If I said, "I love going to the dentist," I'd be lying. I dread it. I'd rather be fishing. Actually, I'd rather be doing practically anything but being at the dentist. As I sit here typing with a nice hot pack on my jaw joint I'm thinking there has to be a better option. You would think with all of the focus on technology that the practice of dentistry would make astonishing leap forwards - no offense to dentists intended. Yes, dentistry has improved when it comes to immediacy of x-rays and their presentation on the computer screen along with numerous other improvements. However, after my recent crown, the pain didn't go away. (Both the upper and lower molar in this situation). I was told only the bottom tooth was cracked and that the sensitivity in the upper tooth would calm down now that I had the new crown. Plus, the x-ray didn't show anything wrong with the upper tooth.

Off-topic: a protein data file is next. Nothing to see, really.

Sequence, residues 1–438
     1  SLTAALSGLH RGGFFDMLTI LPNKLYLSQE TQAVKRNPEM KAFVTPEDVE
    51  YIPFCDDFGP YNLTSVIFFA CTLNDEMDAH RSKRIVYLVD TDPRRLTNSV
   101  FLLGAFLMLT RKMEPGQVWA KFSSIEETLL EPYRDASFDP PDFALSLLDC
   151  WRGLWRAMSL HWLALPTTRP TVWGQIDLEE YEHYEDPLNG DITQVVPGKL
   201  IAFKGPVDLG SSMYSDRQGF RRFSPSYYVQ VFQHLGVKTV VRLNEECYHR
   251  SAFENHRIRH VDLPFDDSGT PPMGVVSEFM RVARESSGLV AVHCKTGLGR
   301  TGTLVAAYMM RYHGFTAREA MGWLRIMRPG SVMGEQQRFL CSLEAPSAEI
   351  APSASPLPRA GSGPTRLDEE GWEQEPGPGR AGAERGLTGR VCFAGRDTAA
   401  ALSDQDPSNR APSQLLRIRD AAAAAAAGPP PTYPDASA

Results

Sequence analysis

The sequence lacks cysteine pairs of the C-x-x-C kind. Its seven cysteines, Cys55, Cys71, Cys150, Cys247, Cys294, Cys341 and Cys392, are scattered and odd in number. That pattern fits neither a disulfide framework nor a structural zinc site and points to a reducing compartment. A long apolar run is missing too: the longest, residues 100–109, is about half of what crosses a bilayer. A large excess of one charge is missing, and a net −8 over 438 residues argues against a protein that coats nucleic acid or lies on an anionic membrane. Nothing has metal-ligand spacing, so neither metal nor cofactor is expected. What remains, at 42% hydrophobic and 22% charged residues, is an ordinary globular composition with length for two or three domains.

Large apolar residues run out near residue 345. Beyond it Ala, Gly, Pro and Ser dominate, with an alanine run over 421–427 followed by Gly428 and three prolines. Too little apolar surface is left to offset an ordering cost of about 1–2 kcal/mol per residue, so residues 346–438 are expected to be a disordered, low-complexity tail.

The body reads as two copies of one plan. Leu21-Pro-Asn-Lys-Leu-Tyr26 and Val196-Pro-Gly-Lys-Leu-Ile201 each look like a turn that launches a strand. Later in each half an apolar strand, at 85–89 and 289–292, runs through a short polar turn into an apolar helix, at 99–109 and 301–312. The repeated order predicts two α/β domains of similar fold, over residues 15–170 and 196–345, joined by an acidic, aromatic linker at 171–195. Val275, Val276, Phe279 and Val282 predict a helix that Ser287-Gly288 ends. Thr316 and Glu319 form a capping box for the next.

I waited a month and then returned. The upper tooth didn't 'settle down'. Upon inspection, I was told I had a crack and a cavity in the upper tooth. So much for modern technology. So, of course, I had to go back for a potential preparation for a crown to replace the upper tooth and waited another month. Meanwhile I'd added Origel to my daily regimen. (Origel for numbing teeth).
And yes, you guessed it. I didn't have a cracked tooth, just a cavity.
You're probably wondering how does my tooth story relate to writing. If we think about the technology available for writers. We have spell checkers, grammar checkers that tell us if we're writing passively, if we have a dangling participle (cringe worthy), plus numerous other items to 'improve' our writing. They are useful tools but they're only as good as the person using them. If we rely on a spell checker, we might not catch the homonyms that are spelled correctly but have an entirely different meaning. There, their, they're or your and you're being great examples.
We cannot rely on technology to 'improve' our writing. Ultimately, we have to slog our way through the proofreading process, often several times, to ensure we haven't overlooked something. Unlike going to the dentist, we have complete control over our work. We just need to rely on and practice our craft.
In the end, just like a visit to our 'beloved' dentists, we end up with a, hopefully, perfect result.